Feel free. I'll probably weigh in. Although I would say that "interpretation" is different from "exegesis." So "interpret however you want to" would be more an eisegetical approach, whereas your first statement is more closely aligned with and exegetical approach. However, even from an exegetical approach, usually more than one interpretation becomes possible.
     
  17. Shermana

    Shermana Heretic

    Joined:
    May 15, 2011
    Messages:
    10,814
    Ratings:
    +327
    Nuh uh.
    Nuh uh.
    Thank you for agreeing that the Trinity doesn't make much "linear sense" though. You'll have to remind me where I said the Bible doesn't make sense. I think I implied your reading is what doesn't.

    That's kind of my point on why it's a crucial doctrine for the orthodox church, it's basically a principle binding factor of a later-developed orthodoxy.

    Apparently it's so broad that the early Fathers labeled each other as heretics when they tried to pin it down.

    I would think its a problem for anyone who actually is looking to study it objectively.

    Thank you.

    I disagree. The more loose it gets, the less sense it makes from whatever "sense" it made to begin with. The early Church Fathers did NOT have this view.

    So what's wrong with the Arian perspective? And again, we have difference of opinion on what "Divine" means. Interestingly, even Trinitarian translations call the Angels (gods) as "Divine beings". So "Divine" apparently applies more than to God.

    So now it's just a Metaphor? If so, then it's not really a solid concept which means that the idea itself is...not solid.

    How is it off-topic?

    Hmmm

    Why should this interpretation make sense to me? After all, isn't it "Too much for the human mind to understand"? What's wrong with just believing they're two separate beings made of the same stuff? What's wrong with Arianism? I've asked that like 4 times now?

    That's a good start.

    That's basically repeated Trinity Rhetoric, I don't see how it actually addresses what's at stake. Why not just go by the Arian view with the same setup here? Why must Jesus and Father individually each be God? That would be two different Gods. A problem that even the Trinitarian Fathers recognized, and this was part of the major debates on the issue, how to resolve that they're not two separate gods....and they never really did an adequate job patching that hole, they simply plugged it and said "It's too much for the Human mind to understand".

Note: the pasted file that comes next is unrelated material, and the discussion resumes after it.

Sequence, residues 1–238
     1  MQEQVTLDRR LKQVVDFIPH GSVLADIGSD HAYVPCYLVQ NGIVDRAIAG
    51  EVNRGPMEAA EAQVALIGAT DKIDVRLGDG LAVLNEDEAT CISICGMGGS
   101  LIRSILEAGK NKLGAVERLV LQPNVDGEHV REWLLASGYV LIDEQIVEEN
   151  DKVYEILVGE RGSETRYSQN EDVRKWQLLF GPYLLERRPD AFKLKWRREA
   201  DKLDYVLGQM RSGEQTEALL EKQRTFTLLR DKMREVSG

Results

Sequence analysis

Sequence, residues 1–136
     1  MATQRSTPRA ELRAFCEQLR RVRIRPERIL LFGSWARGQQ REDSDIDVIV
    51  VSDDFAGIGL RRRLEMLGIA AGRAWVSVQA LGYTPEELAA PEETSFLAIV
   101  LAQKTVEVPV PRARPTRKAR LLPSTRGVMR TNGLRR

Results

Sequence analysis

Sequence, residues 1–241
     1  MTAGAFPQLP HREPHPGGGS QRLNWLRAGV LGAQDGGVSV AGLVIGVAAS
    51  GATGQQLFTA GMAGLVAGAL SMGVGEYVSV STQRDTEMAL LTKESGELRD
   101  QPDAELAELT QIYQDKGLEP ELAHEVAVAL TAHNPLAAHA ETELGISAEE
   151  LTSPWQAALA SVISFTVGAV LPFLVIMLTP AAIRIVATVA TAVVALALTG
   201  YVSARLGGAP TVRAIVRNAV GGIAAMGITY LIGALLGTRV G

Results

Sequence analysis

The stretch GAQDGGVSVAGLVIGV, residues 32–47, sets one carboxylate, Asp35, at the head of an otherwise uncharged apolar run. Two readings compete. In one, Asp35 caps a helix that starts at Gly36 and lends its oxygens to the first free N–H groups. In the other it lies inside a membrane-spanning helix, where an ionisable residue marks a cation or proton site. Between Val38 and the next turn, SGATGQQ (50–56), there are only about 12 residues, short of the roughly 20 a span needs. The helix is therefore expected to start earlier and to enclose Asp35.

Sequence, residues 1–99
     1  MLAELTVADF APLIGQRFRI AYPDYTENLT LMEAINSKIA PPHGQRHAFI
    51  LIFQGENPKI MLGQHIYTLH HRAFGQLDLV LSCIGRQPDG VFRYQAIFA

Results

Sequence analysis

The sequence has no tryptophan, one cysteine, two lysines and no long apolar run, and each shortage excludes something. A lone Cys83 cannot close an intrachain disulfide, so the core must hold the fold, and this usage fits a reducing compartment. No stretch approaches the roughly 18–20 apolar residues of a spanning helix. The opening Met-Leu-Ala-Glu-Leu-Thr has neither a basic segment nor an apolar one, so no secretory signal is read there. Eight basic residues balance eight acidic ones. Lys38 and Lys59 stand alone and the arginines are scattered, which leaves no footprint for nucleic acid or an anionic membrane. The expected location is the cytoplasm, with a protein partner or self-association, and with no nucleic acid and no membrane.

So if we're in agreement, then why not agree that they individually are NOT God each and that God (The Father) has a separate being altogether?

    Wouldn't that be a crucial element?

    I don't see how I would possibly infer from the text that God doesn't have being or is a being. I guess the term "Supreme Being" is a fallacious idea to you?

    In an extra-scriptural Pantheist interpretation perhaps.

    I see no reason to possibly garner this concept from the text. Why not just go with the Arian idea?

    I fail to see why being "Divine" means to "Be Being" and not to "Have Being". No need to force a Pantheistic interpretation on anyone. I Don't even think you have a single Trinitarian who agrees with this, this seems to be all your own idea.

    A perfect example of the Wordplay and dodgy extrascriptural concepts that has propped up the Trinitarians since the beginning.


    Apparently not so much in many parts of Africa and Asia. You can call the modern economy practically slavery. It's sad how many Americans make use of human trafficking service. With that said, I think we very well see indentured servitude in the future, Israelite style.
    You can't really compare an entire Ontology with your views on Slavery. But I thank you for admitting its a changed Theology from its origins.

    The "human factor"? You mean the "interpret whatever you want" factor?
    Speak for yourself.